Exploring the Limitations of Face-to-Face Instruction through Blogging: An Emergent Exploration in a Teacher Education Program

Despite a very successful first four years as a teacher educator, it became clearly evident that face-to-face learning had limitations. Of particular note was the vacuum of isolation that existed in between weekly class sessions, where students and instructor had limited opportunities to discuss and explore course issues. Hence, the world of online blogging, a form of asynchronous communication in between classes, organically developed as an attractive pedagogical tool. Through emergent research designs rooted in action research, reflective practice, and self-study of teacher education practices, this paper will explore my experience incorporating online blogging while teaching twelve courses in a Canadian teacher preparation program over a two-year period. Through numerous communication mediums with my students, I discovered that online blogging cultivated (a) student engagement and motivation for learning, and (b) the building of relationships through interactive virtual communities. In sum, I believe that an online blogging component in any face-to-face course creates an inclusive model of education that affords both teachers and students a blended curriculum that is dynamic, flexible, and engaging.

Experiential Media and Disabilities in Education: Enabling Learning through Immersive, Interactive, and Customizable Digital Platforms

Emerging experiential media platforms are enabling persons across a diverse array of disabilities to increasingly engage in customizable, interactive, immersive and multi-sensory globally connected and mobile learning environments. The purpose of this paper is three-fold. First, we seek to outline the nature and parameters of experiential media and their implications for learning for persons across a broad array of disabilities. This articulation of a model of experiential media will builds prior research and lays the foundation for future investigations. Second, as a preliminary framework for testing this experiential media model, we employ a case study methodological approach. The case studies offered are based on an examination of a pilot project examining persons with disabilities who engaged immersive, multi-sensory, and interactive media prototypes. These case studies are re-examined in the context of the recent development of commercially available virtual reality platforms including Google Cardboard, Samsung Gear VR, and the Oculus Rift (Oculus Virtual Reality 2016). Finally, we conclude by offering a framework for assessing the potential effectiveness of emerging experiential media platforms for learning among differently enabled users.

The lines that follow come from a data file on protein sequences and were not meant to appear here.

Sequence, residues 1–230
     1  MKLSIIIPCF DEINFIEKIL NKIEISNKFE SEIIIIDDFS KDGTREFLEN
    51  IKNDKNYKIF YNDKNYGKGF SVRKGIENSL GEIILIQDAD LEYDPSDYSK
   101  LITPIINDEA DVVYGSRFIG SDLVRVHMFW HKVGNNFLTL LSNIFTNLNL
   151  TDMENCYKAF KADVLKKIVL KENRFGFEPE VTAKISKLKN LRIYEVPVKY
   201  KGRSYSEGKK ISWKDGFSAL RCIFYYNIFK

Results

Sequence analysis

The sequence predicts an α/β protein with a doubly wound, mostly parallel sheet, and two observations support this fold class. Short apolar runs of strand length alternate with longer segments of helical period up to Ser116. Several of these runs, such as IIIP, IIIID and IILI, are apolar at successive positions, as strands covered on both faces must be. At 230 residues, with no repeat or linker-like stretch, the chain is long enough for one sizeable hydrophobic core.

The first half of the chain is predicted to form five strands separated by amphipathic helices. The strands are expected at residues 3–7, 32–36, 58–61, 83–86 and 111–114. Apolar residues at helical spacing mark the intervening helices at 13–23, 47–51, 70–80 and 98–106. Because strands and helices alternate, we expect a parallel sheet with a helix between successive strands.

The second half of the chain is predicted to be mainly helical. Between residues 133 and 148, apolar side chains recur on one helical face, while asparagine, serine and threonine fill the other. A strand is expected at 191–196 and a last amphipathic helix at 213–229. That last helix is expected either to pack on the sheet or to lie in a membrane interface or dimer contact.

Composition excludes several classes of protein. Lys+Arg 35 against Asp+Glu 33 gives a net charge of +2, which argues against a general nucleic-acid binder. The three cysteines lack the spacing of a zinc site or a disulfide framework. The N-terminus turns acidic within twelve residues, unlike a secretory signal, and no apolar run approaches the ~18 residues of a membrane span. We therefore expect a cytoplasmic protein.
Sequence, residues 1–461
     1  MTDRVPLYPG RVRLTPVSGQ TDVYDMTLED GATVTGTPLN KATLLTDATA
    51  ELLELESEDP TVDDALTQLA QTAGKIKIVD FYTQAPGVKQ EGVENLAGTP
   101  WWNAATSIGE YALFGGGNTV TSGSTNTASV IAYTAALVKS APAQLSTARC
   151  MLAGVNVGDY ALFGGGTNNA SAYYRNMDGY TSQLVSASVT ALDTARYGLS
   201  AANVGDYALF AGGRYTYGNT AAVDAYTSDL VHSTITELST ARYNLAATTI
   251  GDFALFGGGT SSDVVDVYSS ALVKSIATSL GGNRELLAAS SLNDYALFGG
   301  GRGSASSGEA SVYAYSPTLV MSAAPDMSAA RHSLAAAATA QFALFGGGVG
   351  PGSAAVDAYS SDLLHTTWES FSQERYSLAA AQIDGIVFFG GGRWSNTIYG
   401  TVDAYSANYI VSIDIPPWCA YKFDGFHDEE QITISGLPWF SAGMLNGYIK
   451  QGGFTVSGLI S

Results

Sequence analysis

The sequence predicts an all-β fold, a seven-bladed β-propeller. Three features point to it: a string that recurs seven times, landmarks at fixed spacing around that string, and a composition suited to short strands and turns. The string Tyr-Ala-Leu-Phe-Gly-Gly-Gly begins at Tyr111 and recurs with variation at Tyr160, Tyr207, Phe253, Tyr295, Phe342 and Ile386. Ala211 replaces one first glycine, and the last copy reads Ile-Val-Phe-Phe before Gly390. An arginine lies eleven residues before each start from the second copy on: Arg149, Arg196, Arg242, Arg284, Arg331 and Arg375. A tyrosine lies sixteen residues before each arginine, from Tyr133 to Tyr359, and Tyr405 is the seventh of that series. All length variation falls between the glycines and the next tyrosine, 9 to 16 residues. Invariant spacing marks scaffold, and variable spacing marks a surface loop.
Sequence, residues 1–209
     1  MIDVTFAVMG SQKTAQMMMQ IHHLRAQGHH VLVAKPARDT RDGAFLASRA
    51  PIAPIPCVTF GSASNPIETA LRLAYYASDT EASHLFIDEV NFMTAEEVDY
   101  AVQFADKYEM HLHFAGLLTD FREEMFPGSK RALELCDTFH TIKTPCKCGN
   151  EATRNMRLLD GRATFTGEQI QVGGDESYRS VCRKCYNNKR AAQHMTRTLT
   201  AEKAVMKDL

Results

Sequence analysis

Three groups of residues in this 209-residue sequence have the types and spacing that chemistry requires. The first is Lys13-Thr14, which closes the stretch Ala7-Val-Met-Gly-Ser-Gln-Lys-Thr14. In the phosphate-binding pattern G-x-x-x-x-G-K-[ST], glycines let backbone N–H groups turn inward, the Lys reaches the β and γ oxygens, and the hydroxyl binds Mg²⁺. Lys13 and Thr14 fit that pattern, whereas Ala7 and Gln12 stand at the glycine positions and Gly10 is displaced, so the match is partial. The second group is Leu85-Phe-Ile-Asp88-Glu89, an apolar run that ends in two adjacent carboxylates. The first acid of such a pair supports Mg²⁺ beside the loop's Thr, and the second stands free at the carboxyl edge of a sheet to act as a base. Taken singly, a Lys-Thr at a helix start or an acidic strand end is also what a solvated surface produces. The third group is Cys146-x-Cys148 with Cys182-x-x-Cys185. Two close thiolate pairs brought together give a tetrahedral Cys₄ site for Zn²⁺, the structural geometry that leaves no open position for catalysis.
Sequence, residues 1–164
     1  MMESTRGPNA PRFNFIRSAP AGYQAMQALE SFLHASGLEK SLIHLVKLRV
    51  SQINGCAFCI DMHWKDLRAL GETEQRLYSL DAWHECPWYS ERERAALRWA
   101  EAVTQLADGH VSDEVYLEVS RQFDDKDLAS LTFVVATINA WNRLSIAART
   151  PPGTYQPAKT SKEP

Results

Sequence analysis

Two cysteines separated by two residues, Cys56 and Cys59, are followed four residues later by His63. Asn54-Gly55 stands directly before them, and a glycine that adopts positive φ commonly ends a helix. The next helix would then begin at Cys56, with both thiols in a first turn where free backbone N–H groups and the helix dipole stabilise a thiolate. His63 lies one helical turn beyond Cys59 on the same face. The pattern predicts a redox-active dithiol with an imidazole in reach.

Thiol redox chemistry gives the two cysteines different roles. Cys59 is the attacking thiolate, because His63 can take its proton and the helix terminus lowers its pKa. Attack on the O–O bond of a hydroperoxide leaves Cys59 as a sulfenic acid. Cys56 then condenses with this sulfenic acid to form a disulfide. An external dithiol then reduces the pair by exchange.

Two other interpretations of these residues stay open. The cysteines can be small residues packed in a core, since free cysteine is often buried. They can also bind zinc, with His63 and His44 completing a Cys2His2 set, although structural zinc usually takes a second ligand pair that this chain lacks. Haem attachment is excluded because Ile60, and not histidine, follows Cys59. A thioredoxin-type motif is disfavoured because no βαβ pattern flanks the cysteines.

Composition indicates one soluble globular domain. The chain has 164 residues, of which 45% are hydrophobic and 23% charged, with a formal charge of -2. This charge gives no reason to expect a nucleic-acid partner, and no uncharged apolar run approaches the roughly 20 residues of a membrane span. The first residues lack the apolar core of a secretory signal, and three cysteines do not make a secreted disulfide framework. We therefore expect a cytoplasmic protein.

Continuous and Ubiquitous Programming: Learning in Kazakhstani Schools

Today there are numerous, easily accessible software programs used to teach the basics of programming in schools. These resources are diverse and varied with regard to device, accessibility, interface, functional capacity, and the difficulty level for different age groups. Taking into account the diversity among such resources and the ability of students to use mobile devices starting in the earliest years of life, this study poses and attempts to examine the question of how to construct continuous and ubiquitous programming-learning at schools. According to the latest research, Kazakhstani high schools use mainly mathematical and algorithmic approaches for learning programming languages such as Pascal and C++. However, only students who are good at math can achieve good results. In order to give an opportunity to everyone, schools need an alternative, easier approach to programming-learning. The solution lies in the practical approach. This can be achieved through utilizing the ubiquitous capacity of smartphones, tablets, and accessible software, as well as through practical problems from everyday life, which will interest students who begin programming in primary school.